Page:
When someone or some institution does not want to do something, there
are always legitimate arguments against doing it. These arguments range
from the rock-hard ones to just simply saying, “I don’t want to do it.” For
instance, a multicultiu'al center makes sense, although one is led to question
why this idea remained unmentioned until students began agitating for a
black cultural center. I would even rather hear a frank denial than a
ridiculous argument built on not even sand, but excrement. Because no
matter which way you ttrni it chancellor, it still stinks.
God Bless, Myron B. Pitts
'I know me and culture (murderer).
Editon Myron B. Pitts
Associate Editor: Jacqueline Charles
Photography Editor: Kelly Greene Business Manager: Kevin McNair
On-Camptis Editor: Lee Richardson
Staff: Tiffany Ashhurst, Natalie Baucum, Michael Bowden, Keisha Brown,
Delancey Bennett. Jennifer O. Ferguson, Scott Johnson, Fells Lewis, John T.
McCann, Charles McNair, Chandra McLean, T.J. Stanril, Tonika M.
Tillman, Sharilyn Seale, Stefan Tyson, Natarsha Witherspoon
Contributors: Alex DeGrand, Dwight “Freddy” Foxx, Tuere Randall
Inside Black Ink
Tuesday, March 31,1992
IT’S NOT ALL THEY WANTED
Students at N.C. State battled five years for an African-American Cultural Center, and they
got one - housed in an annex to the student union. Those involved in that movement
encourage students here to seek a free-standing building. Page 6.
A LULL OF SORTS
The Black Cultural Center was officially named for late professor Sonja Haynes Stone amid
a campuswide controversy over whether the BCC should become an independent structure.
RING THE ALARM!
Frustrated by recent editorials in The Carolina Critic and The Daily Tar Heel that oppose a
free-standing BCC, writer Charles McNair issues a call to arms to black students.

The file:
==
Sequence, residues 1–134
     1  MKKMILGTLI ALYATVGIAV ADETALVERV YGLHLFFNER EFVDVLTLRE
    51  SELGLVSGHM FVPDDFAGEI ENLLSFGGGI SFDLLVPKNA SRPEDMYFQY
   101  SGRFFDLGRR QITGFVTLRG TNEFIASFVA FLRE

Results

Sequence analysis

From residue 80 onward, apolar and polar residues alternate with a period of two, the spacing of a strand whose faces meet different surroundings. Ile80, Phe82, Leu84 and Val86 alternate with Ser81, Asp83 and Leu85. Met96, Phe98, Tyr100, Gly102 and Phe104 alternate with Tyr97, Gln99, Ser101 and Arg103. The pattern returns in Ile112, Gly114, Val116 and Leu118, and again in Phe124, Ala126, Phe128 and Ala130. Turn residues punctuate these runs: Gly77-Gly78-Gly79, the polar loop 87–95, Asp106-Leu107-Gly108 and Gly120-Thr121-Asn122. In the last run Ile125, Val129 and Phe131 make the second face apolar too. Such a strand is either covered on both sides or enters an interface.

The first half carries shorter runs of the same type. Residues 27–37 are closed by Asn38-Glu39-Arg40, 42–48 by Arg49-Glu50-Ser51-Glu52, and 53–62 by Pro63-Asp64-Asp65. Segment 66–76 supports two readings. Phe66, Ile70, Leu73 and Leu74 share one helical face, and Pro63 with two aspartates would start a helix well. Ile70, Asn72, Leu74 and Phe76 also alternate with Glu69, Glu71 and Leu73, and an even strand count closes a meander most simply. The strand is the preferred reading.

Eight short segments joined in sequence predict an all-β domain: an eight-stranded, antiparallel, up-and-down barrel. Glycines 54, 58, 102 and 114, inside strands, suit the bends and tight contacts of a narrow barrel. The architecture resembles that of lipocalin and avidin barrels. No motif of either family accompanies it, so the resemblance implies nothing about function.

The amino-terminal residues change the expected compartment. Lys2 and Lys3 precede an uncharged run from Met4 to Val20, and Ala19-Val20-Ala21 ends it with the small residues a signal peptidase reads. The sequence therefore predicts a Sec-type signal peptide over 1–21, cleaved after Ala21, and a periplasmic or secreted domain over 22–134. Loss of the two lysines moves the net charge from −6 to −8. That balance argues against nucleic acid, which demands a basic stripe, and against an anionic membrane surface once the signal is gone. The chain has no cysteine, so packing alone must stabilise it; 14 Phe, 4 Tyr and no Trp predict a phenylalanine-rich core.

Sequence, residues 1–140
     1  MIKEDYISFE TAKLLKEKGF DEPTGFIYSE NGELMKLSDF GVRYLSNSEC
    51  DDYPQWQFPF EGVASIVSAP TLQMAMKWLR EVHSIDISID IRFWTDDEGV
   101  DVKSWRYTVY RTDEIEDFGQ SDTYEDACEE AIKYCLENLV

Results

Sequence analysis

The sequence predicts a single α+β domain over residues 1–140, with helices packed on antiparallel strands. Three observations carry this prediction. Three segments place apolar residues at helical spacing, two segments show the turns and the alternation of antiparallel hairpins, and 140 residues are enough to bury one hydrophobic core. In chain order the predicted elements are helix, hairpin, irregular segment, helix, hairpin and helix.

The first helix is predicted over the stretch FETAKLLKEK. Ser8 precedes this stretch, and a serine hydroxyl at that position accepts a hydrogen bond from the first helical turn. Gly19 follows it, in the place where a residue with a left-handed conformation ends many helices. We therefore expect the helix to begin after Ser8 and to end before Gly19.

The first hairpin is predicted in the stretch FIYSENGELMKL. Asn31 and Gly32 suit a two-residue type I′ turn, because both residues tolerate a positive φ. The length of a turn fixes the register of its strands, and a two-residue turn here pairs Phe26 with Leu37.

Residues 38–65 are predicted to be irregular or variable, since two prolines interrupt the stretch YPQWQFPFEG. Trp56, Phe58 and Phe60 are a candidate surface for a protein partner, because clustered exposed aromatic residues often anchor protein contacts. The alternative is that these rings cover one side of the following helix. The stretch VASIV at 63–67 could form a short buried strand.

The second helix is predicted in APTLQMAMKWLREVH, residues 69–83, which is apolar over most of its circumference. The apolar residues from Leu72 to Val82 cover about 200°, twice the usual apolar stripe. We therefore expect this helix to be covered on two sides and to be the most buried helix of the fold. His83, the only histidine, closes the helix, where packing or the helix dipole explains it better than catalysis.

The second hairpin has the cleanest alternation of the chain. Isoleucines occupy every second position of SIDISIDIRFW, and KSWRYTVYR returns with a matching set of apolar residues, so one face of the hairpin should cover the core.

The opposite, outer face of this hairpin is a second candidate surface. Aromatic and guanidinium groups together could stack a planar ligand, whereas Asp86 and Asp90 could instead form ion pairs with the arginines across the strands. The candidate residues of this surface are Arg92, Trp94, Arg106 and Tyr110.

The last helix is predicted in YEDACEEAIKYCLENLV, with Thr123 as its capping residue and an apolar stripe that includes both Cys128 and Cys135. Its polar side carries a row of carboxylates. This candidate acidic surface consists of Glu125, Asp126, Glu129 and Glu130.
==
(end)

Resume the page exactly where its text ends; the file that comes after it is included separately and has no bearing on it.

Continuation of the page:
•Critic editor compares BCC-supporters to white supremacists. Page 4.
•Students in movement misrepresented. Page 10.
MY PEOPLE, MY PEOPLE
One wnter says the apathy toward the BCC displayed by black students is downright
disgraceful, and the Greenlaw Hall wall-sitters exemplify this nonchalance. Page 4.
RACIST INCIDENT OF THE MONTH
Two black students found a nasty surprise when they returned to their Hinton James room
after Spring Break. Page 5.
•Wonderboy comes under heavy fire. Page 5.
•An organizer for Race Relations Week defends their selection of Sister Souljah as
keynote speaker. Page 5.
READ HIS LIPS, “NO FREE-STANDING BCC”
The chancellor addressed campus issues ranging from the housekeepers to the BCC at a
press conference March 17. Page 8
THE UNDAUNTED COLUMNIST
Never wanting to bore his readership, Wonderboy comes out in support of multicultural
center. Page 12.
About the Cover
N.C. State University has done with its African-American Cultural Center what Chancellor
Paul Hardin and others want to do with UNC’s Black Cultural Center, i.e., make it a
permanent part of the Student Union. The director of State’s center encouraged UNC
students to continue their fight for a free-standing facility. Page 6